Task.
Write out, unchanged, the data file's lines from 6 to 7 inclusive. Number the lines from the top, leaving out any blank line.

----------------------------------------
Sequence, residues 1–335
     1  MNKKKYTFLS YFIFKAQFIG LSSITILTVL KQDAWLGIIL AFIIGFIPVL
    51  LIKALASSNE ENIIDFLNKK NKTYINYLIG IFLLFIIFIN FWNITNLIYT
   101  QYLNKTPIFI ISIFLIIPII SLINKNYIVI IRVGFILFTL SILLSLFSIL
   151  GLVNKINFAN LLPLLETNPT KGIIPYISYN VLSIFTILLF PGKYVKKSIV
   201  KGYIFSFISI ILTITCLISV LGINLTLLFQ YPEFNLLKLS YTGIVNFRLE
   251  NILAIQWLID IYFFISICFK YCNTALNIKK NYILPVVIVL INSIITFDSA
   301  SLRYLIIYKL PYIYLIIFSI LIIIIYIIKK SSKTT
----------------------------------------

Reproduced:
   201  KGYIFSFISI ILTITCLISV LGINLTLLFQ YPEFNLLKLS YTGIVNFRLE
   251  NILAIQWLID IYFFISICFK YCNTALNIKK NYILPVVIVL INSIITFDSA